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Ashdown debate ineffective

I attended the Institute Colloquium on Apartheid on Wednesday which was held in Ashdown House. The topic of discussion was The Ineffectiveness, Illegality, and Immorality of Absolute Divestment. Robert Zevin and Prof. Roy Schotland argued for and against absolute divestment, respectively. In this short letter, I would like to criticize the way we (the audience) conducted the discussion period.

Schotland suggested some alternatives to divestment: 1) instead of divestment which translates into financial losses to our businesses, we can provide education for black South Africans in the US or maybe in South Africa and 2) we can collectively boycott South African goods. The first point evoked a long debate. One person said, "It is a waste of our financial resources to pay for the high tuition at the US colleges. Education in South Africa, breeds apartheid mentality. In any case, education is neither realistic nor effective." Another one said in the context of divestment: "This whole discussion about education is just ridiculous."

I will not argue for/against education as one alternative, as it is irrelevant in this letter. I think, however, that the first person was unable to generalize Schotland's idea and develop a large number of possibilities: 1) can this education take place in some other African country with as little expense as possible? or 2) is it possible to develop an educational system which reflects the political and economic needs of South Africans? or ... I hear the second comment: this is ridiculous. Will it not be more tragic (and, in fact, dangerous) for the black majority if they hold the power without a comprehensive understanding of the nuts and bolts of their (or to-be) social, political, and economic institutions?

We could have taken Prof. Schotland's idea about education as suggesting a vision or direction for similar areas that can strengthen black African's positions. We could have starked a constructive dialogue with a constructive attitude (and not have (Please turn to page 11)

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spent all 3 hours to fight over a single theme). And instead, what do I hear from yet another person?: "Sir, I don't think you really care about the black South Africans." I don't know if my friend was right or not, BUT:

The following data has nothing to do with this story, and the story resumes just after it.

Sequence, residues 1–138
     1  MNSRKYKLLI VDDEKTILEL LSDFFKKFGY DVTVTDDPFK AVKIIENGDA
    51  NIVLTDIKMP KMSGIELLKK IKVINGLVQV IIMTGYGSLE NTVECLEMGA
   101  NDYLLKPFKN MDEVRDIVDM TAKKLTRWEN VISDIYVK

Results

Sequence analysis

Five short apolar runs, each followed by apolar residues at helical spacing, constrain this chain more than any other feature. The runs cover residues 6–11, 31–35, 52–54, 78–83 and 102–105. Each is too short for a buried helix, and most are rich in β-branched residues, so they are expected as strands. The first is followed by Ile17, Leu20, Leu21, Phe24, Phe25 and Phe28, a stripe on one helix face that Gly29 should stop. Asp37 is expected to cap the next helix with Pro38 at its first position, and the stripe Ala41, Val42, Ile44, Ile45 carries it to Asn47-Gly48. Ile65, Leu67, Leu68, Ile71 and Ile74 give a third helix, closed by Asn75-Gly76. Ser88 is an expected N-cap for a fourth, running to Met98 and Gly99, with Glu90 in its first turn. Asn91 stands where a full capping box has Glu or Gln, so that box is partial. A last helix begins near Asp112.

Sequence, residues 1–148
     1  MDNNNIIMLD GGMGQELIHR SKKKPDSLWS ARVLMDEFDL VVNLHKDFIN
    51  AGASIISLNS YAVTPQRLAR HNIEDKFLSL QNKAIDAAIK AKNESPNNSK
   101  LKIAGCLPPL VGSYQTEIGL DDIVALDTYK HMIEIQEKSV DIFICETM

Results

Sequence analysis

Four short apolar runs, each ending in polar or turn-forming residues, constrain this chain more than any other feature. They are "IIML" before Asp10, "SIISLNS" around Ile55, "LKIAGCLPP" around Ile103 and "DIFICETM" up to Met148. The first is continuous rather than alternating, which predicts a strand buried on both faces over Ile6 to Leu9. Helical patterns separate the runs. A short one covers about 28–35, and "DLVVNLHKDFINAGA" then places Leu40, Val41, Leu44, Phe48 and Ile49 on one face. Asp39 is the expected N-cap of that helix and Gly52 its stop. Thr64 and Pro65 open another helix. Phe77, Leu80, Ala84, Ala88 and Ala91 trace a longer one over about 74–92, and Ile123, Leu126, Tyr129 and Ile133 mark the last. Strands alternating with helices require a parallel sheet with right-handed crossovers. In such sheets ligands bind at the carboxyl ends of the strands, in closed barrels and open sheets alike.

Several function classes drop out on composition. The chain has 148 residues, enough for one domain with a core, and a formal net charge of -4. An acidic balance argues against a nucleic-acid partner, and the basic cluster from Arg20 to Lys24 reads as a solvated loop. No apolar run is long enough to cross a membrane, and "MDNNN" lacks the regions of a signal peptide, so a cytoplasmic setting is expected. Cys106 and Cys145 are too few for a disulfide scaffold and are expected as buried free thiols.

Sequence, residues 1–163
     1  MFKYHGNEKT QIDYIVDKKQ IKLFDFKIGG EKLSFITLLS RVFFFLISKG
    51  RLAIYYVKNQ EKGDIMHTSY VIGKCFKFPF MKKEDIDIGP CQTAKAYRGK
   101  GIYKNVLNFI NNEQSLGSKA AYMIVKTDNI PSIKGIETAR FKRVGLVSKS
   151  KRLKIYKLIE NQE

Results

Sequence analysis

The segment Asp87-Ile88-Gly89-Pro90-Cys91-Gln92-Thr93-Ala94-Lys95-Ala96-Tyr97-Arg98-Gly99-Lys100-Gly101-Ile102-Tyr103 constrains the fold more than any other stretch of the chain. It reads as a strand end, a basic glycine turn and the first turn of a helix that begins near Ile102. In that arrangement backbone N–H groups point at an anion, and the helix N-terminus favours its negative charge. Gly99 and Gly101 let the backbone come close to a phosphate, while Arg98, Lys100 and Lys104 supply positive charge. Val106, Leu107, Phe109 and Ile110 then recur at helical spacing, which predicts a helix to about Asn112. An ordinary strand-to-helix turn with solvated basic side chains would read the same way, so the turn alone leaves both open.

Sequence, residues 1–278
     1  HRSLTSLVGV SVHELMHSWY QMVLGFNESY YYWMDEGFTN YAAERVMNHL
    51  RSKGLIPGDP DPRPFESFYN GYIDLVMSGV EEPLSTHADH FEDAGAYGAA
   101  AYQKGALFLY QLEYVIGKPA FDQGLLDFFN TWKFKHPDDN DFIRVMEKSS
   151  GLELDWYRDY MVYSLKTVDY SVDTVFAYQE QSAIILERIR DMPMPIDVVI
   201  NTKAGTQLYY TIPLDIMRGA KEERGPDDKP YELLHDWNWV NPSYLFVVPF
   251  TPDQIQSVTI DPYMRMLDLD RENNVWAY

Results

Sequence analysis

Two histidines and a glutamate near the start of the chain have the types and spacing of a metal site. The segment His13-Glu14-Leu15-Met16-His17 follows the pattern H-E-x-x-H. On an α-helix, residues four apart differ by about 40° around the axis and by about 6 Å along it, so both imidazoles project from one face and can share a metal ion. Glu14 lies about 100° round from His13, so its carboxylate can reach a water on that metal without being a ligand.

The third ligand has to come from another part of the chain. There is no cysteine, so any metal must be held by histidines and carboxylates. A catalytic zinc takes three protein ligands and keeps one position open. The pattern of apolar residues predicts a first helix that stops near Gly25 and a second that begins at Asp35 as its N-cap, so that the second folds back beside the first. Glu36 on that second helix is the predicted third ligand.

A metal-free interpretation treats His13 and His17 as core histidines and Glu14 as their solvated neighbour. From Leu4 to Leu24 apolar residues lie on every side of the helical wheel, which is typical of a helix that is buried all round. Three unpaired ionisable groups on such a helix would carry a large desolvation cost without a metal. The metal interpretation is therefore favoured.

1. Is it fair to develop judgement about a guest so quickly with so little information?

2. Is my friend in a position to convey his judgement to the audience and, worst of all, to our guest?

3. Does his remark stand nicely with respect to someone who has accepted this invitation to share his view of the world with us (and, according to himself, has gone through a lot of hassle at the airport)?

4. Even if we answer YES to all of these questions, what is gained by revealing one's judgement (except that it motivated me to write this letter!!)?

It seemed that we were so frustrated with his opinion about the ineffectiveness of divestment that his phrasing of alternatives was a great humiliation!! Why should we become captive to a person's opinion and deal with it as if it were a fact?!! We seemed to spend hours to convince him that his position is, at the very least, pitiful. Is THAT realistic or effective? In my closing statement, let me say that those of us who are unwilling to seek additional/alternative measures to divestment (and choose the ones that are effective and realistic), face the issues with a narrow mind, and treat our guest as a boxing bag, are unqualified to advocate the deserved rights of the majority of South Africans.

Behrouz Vafa G->

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